For example, over the last year, there was a sharp decline in the number of prescribers who were permitted to meet in-person with pharmaceutical reps. Just over half of physicians recently polled said they have met in person with Pharma reps recently. This is a substantial drop from 2018, when 67% reported such visits.

In offices where meetings are still taking place, physicians overwhelmingly favor brief meetings. 85% of physicians in 2018 said their ideal interaction with a drug rep lasted no longer than five minutes. This isn’t much time to provide a physician with all that is needed to build a relationship, but it is enough time to provide them with a branded, out of the box ready smart device that they can utilize for requests at their own convenience.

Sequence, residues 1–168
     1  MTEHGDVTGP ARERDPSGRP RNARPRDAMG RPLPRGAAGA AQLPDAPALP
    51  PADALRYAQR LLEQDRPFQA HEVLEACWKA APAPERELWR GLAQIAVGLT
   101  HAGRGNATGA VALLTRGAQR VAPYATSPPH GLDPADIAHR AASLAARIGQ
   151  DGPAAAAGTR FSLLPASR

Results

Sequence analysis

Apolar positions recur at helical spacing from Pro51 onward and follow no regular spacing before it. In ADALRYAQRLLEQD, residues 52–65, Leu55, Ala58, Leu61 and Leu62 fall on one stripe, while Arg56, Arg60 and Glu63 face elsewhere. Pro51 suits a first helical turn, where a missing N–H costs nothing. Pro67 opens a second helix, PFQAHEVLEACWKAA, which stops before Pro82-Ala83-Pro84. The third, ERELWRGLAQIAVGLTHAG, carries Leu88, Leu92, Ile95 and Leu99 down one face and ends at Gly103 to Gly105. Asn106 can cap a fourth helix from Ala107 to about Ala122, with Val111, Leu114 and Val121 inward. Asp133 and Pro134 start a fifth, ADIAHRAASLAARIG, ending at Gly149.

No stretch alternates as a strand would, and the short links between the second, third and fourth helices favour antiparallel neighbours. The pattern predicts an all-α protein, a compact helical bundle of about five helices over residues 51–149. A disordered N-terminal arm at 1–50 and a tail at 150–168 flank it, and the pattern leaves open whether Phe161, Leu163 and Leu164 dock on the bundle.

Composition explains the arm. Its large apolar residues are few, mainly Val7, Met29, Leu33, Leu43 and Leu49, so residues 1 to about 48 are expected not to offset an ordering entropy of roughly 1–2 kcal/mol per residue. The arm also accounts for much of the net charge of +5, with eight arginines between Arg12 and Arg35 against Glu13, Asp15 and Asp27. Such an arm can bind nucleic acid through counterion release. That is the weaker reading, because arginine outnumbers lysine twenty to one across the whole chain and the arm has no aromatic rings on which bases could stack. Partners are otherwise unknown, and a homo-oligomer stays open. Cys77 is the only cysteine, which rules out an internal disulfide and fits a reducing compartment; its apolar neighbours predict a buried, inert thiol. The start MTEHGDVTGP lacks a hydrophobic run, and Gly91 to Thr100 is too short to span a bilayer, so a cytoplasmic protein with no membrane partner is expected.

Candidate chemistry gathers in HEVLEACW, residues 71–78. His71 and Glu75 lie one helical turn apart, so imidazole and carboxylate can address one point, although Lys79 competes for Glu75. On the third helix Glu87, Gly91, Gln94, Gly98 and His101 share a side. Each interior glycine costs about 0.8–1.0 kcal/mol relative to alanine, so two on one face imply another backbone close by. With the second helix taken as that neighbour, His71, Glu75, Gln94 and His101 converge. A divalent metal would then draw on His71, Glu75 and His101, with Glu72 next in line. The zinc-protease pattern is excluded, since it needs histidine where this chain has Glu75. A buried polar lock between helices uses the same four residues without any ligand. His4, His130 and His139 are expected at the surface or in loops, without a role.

Telehealth and IoT powered solutions will continue to grow in popularity, because they increase efficiencies and limit exposure to risk factors like viruses by eliminating unnecessary visits to hospitals and other healthcare facilities.

What does the Future Hold?

In the future, data-driven smart devices will be utilized at the clinical and treatment level in tandem with patient devices to assist in the development of tailor-made therapeutics that work with a patients’ physiology and condition. Consider, for example, an advanced IoT device that monitors a host of biochemistries and transmits results instantly without the patient stepping out of their house or pricking their finger. Critical therapeutic data could go from the patient to the physician to the pharmaceutical company in a simple, streamlined fashion – aiding in rapid development of advanced therapeutics